(458c) Kinetic and Mechanistic Roles of Hydrophobic and Hydrophilic Environments That Confine Lewis Acid Sites in Zeolites That Catalyze Glucose Isomerization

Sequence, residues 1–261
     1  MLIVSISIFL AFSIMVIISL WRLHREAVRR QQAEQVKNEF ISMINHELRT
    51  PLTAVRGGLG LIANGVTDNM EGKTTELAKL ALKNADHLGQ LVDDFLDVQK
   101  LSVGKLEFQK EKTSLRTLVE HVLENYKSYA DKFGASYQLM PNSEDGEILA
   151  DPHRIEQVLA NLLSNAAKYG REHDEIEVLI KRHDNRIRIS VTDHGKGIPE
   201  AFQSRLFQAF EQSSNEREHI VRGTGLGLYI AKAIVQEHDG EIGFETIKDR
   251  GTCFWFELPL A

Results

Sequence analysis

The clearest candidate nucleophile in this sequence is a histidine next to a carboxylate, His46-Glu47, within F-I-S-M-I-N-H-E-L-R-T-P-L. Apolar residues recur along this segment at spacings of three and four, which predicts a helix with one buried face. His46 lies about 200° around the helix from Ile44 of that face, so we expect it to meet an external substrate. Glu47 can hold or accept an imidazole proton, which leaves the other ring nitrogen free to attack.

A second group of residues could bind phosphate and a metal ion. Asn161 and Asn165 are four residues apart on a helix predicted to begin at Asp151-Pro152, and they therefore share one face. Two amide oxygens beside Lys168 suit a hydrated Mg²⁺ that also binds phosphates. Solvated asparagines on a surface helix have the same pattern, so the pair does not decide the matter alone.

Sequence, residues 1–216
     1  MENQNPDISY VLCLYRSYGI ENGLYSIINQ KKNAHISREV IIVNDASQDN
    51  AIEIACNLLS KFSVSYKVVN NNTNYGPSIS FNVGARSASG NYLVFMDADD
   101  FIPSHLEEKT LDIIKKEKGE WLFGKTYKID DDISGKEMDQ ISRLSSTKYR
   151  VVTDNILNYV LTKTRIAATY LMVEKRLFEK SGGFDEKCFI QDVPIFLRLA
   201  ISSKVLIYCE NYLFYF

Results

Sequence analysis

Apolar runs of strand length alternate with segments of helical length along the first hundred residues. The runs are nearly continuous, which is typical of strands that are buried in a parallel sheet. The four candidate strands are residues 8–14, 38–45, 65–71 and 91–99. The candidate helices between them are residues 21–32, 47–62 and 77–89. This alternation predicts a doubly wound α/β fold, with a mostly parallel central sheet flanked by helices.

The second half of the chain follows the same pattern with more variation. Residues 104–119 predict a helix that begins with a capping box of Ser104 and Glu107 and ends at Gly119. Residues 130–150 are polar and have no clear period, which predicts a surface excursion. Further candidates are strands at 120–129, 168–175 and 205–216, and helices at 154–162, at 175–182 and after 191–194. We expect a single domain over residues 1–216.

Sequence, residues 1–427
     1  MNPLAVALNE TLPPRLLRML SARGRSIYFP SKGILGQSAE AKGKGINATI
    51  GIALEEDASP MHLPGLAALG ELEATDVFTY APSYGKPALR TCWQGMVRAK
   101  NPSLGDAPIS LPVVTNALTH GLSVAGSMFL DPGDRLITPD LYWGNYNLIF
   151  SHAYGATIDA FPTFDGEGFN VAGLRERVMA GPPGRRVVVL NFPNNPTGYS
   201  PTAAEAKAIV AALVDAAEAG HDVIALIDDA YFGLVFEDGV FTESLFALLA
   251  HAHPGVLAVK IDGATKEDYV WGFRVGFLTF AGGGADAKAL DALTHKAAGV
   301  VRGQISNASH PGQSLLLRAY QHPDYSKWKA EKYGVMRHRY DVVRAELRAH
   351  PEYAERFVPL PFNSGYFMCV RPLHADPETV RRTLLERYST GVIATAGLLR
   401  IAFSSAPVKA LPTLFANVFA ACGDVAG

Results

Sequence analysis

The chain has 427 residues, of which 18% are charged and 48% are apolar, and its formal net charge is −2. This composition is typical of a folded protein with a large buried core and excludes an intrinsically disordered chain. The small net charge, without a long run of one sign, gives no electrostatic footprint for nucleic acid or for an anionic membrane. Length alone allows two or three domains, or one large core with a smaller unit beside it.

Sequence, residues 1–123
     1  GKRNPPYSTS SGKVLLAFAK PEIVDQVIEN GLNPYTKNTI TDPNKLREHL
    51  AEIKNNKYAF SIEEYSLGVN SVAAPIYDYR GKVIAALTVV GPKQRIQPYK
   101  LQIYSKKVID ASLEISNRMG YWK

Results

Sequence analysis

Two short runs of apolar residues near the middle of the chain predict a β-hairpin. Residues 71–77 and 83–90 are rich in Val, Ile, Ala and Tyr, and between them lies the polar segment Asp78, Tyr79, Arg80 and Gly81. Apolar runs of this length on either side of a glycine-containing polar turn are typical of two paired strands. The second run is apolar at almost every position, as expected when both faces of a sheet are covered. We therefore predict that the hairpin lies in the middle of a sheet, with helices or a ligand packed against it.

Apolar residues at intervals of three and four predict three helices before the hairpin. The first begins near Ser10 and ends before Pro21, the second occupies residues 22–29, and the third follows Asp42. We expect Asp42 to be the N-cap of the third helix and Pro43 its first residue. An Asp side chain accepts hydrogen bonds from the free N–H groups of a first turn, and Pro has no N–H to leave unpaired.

Here, we discuss our recent work on the synthesis and characterization of hydrophobic and hydrophilic Lewis acid BEA zeolites with different framework tetravalent metal (M) heteroatoms, different densities of open and closed Lewis acid sites (closed sites: M-(OSi)4; open sites: (HO)-M-(OSi)3) and different defect silanol densities. The numbers of open and closed Lewis acid sites were measured from infrared spectra of samples titrated with deuterated acetonitrile, which gave total Lewis acid site counts that were consistent with those measured by other Lewis base titrants (pyridine, deuterated acetonitrile, ammonia, n-propylamine) in ex situ infrared characterization and temperature-programmed desorption experiments. We compare ex situ quantification of open and closed sites to active sites counted in situ by titration during glucose isomerization catalysis, in order to determine the active site structures responsible for glucose isomerization on different M-BEA catalysts. Lewis acid zeolites were used in aqueous-phase batch reactor studies to measure kinetic rate constants of sugar isomerization reactions as a function of glucose concentration and temperature, in the presence and absence of base titrants and after rigorously accounting for possible corruption of measured rates by intrazeolite mass transfer limitations. We provide evidence that orders-of-magnitude (10-100x) higher effective first-order rate constants (per active M site, 373 K) prevail on hydrophobic than on hydrophilic Lewis acid zeolites, reflecting the weaker kinetic inhibition of framework Lewis acid centers by coordinated water molecules that are most abundant surface intermediates during catalysis in liquid water. The mechanistic interpretation of rate constants measured in different kinetic regimes provides new insights into the role of hydrophobic environments around active Lewis acid sites on the inhibition by coordinated water molecules. Finally, we discuss the consequences of different synthetic and post-synthetic preparations of Lewis acid zeolites on their crystallinity and active site structures and, in turn, on their reactivity for aqueous-phase glucose isomerization.